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Ann Arbor Real Estate Blog

Blog about Ann Arbor and Saline Michigan

Michigan Property Taxes (SEV and TV)

When the Missy Caulk TEAM works with buys moving into Michigan we are asked frequently what the SEV and TV mean when they look at the MLS listing ticket.

SEV is the State Equalized Value, this is reset when you transfer the deed to a new home owner. It is typically at 1/2 the Sales Price of the Home.

TV (Taxable Value) is the what the amount of taxes you pay is based on. In 1994 the State of Michigan changed the way property taxes are calculated based on what is commonly known as Proposal A.  According to Proposal A, you can not be accessed each year more than the rate of inflation or a top of 5%.

If you have been a long time home owner in Michigan, the SEV and the TV can look quite different. At the peak of our market in Ann Arbor the SEV would be much higher than the TV. As a home would sell, the municipalities would reset the SEV to the sale price divided by 2. (usually) Some municipalities would take a look at the overall value of the neighborhood and access you at that amount.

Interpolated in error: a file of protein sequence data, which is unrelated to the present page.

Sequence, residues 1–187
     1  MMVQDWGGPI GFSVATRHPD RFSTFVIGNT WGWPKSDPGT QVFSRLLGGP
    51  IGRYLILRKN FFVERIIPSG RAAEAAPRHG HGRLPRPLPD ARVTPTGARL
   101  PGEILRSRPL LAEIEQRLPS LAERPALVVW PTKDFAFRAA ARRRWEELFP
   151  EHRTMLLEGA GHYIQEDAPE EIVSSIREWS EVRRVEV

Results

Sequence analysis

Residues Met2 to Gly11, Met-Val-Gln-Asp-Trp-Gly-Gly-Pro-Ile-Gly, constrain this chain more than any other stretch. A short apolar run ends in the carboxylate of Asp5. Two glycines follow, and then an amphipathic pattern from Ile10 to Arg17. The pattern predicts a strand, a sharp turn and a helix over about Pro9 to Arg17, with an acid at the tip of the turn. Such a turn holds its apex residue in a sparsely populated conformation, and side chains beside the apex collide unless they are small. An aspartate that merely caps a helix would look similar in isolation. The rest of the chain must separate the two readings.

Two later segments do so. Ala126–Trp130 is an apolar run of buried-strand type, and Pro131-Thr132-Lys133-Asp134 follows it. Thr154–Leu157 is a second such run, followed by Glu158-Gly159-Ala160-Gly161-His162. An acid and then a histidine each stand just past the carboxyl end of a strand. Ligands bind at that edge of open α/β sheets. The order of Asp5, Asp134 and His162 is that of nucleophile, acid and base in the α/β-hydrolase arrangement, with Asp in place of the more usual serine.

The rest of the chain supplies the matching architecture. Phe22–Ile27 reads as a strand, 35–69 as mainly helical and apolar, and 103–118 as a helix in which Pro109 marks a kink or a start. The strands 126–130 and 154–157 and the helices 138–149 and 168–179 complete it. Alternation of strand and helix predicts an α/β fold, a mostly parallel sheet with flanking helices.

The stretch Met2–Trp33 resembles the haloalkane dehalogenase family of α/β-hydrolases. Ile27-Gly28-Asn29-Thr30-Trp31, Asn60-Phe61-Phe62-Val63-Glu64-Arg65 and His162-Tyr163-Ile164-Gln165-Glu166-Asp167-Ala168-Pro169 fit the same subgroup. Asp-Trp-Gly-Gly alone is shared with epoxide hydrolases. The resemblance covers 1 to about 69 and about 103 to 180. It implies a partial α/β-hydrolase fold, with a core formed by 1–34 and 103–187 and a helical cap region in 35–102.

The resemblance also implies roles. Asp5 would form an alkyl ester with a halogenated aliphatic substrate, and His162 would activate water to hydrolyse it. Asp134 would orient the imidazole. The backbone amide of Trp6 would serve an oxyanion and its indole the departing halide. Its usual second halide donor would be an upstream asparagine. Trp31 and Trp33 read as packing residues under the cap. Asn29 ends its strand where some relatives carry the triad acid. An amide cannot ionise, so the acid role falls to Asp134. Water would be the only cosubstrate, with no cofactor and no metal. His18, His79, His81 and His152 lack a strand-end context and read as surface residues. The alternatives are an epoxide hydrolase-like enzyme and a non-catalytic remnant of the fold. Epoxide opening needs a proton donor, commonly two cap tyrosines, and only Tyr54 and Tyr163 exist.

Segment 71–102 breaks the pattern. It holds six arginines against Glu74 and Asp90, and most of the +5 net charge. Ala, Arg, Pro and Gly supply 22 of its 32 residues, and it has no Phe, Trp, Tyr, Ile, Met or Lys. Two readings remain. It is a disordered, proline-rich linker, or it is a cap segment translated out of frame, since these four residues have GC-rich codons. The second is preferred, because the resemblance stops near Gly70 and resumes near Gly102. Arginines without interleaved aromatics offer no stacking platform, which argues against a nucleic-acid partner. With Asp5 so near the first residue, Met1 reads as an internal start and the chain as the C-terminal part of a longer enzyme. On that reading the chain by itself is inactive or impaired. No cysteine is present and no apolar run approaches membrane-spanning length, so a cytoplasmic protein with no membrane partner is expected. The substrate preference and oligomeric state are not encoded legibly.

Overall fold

The amount you need to be concerned about is the TV as that is what you are paying your taxes on.

The last few year, I noticed across the Washtenaw County area, due to the falling prices that in many areas  the SEV and the TV were equal.

Up until the last few years, in the Ann Arbor, Washtenaw County area we paid our taxes twice a year. We got a summer tax bill and a winter tax bill. That has slowly been changing as the winter taxes have been slowly been being added to the summer tax bill. That is when the schools take their operating budgets.

The State of Michigan provides a Michigan Property Tax Estimator and it is easy to use. Although it is not 100% accurate it is pretty darn close. You can use it to look at Homestead and Non-Homestead taxes for a home you are buying in Ann Arbor.

Non-Homestead taxes are vacation homes, second homes, investment homes.

Homestead is your primary residence.

This chart is from 2005 but the process is still the same. (Courtesy State of Michigan)

I know they are confusing when you are looking for a home to buy in Ann Arbor, but anyone on our TEAM explain it.


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